“A wicked doer giveth heed to false lips; and a liar giveth ear to a naughty tongue.” Prov 17:4
The whole Joe Wilson incident has raised a series of questions about both the man and this country.
The first question that comes to mind is whether it is acceptable under any circumstances for an individual to confront the President in that forum, a nationally televised speech to both houses of Congress, and call him a liar?
The second question is what motivated the outburst?
Finally, what does it say about the man and the process?
For a thoughtful treatment of the first question we probably should look at a history of Presidential lies, the impact that those lies had on the country, and how the Congress reacted to those lies. Then we should examine this particular incident to determine whether the particular claim of Joe Wilson is supported. Then perhaps we can answer the first question.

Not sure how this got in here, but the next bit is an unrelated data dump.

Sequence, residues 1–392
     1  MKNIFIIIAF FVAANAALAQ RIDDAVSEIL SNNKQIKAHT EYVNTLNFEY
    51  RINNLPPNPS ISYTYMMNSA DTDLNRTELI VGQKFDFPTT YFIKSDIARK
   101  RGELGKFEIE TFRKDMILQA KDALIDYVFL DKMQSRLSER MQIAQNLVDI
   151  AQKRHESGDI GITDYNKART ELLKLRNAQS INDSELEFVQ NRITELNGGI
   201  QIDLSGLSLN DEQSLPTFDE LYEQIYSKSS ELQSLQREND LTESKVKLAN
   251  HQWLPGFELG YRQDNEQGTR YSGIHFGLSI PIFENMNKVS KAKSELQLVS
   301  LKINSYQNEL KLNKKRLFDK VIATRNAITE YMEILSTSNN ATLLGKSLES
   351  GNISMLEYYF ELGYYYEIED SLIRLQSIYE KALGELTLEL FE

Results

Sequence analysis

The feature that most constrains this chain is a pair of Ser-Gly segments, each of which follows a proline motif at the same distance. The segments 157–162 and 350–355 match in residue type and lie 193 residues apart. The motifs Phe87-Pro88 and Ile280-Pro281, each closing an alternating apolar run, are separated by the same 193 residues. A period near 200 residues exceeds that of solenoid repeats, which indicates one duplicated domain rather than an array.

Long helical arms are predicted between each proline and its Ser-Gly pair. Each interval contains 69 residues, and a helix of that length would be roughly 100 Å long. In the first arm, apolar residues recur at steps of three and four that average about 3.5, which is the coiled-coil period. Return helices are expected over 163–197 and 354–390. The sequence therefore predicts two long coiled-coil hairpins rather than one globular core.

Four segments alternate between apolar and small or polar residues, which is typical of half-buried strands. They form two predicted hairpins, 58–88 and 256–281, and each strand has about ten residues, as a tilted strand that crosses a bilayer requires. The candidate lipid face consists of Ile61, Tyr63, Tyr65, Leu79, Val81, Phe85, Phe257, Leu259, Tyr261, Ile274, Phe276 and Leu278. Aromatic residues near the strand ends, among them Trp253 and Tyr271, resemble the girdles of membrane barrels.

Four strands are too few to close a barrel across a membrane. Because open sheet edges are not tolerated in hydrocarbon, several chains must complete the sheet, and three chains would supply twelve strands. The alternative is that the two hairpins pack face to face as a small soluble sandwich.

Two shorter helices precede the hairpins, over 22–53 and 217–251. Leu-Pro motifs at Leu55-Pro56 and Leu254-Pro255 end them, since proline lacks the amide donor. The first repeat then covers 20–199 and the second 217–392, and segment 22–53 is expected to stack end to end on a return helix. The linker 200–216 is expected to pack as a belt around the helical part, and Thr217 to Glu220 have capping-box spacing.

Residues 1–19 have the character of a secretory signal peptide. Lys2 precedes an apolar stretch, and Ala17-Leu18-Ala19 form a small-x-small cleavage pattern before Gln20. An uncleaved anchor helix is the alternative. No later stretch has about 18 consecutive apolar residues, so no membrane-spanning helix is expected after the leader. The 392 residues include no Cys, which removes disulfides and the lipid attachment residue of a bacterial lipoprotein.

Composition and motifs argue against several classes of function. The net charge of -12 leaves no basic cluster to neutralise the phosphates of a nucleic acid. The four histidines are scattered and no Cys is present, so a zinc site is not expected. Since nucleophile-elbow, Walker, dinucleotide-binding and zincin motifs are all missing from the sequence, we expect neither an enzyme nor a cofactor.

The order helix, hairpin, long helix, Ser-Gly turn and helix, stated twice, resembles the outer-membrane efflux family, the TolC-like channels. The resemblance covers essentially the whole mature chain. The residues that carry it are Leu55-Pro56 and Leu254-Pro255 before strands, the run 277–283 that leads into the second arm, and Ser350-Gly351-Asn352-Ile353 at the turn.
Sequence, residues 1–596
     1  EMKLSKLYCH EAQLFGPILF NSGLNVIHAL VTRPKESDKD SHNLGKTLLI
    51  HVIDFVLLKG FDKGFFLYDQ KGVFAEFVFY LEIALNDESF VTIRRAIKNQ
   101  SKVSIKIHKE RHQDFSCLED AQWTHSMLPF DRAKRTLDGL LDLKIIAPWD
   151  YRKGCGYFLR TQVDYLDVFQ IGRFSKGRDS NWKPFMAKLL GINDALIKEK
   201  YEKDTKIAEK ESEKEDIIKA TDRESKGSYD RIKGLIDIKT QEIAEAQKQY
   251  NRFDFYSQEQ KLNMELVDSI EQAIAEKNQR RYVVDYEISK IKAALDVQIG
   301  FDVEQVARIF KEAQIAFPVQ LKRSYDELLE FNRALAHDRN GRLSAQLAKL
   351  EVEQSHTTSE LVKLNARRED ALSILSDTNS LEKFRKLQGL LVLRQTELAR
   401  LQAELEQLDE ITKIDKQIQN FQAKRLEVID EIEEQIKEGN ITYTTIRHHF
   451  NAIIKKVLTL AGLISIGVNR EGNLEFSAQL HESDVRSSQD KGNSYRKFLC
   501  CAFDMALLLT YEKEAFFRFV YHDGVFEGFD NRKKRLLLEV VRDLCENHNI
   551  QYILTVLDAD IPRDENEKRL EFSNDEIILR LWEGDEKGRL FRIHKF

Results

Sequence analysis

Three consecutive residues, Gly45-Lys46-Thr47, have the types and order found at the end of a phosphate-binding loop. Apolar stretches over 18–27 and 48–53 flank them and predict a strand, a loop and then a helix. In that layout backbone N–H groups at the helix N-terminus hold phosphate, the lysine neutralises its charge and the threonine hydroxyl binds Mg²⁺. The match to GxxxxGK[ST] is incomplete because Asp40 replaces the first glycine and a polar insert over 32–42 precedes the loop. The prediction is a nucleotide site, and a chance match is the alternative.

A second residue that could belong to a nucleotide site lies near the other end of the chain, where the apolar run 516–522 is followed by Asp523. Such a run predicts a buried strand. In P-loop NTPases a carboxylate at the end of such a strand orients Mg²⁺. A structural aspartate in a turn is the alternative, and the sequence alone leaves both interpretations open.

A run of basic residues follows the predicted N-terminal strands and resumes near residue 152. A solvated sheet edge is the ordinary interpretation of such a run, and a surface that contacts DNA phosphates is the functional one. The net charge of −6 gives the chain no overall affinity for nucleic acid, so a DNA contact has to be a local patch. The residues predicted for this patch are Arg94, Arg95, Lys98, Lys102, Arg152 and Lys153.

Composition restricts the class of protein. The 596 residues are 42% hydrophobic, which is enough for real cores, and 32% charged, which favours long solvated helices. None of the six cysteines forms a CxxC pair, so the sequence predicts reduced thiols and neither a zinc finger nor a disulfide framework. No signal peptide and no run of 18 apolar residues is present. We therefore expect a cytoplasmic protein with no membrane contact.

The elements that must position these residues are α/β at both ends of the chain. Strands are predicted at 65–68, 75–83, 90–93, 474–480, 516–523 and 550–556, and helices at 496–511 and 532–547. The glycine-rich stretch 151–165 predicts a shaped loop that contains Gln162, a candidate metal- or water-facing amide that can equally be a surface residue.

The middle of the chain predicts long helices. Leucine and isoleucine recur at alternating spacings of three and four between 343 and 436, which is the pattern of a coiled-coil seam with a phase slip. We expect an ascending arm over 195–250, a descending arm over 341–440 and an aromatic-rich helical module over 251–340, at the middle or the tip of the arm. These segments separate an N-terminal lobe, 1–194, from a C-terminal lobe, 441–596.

The biggest recent presidential lies that come to mind are Bush’s claim that Iraq had weapons of mass destruction and Clinton’s claim that he did not, “have sex with that woman”. In the first case, we invaded Iraq, toppled the government, destroyed their infrastructure, never found any weapons of mass destruction, opened the door to al Qaeda, and are still there eight years later. There were no immediate consequences for President Bush. The Republicans did suffer a fairly resounding defeat in 2008, but that could be attributed as much to the economy as the war in Iraq. President Clinton was brought up on impeachment charges, but ultimately not convicted. This investigation did significantly weaken the President and set the stage for a very close Republican win in 2000.
As far as Joe Wilson’s claim, it was in reaction to President Obama’s statement that the administration does not support extending benefits to illegal aliens. His specific objection was that the current house bill, though it requires proof to participate, doesn’t specify how. There was an amendment offered in committee and rejected to add enforcement language. What Wilson also knew was that there ARE enforcement procedures in place requiring proof of citizenship for many other federal programs and that these procedures would likely get added to any bill that was signed.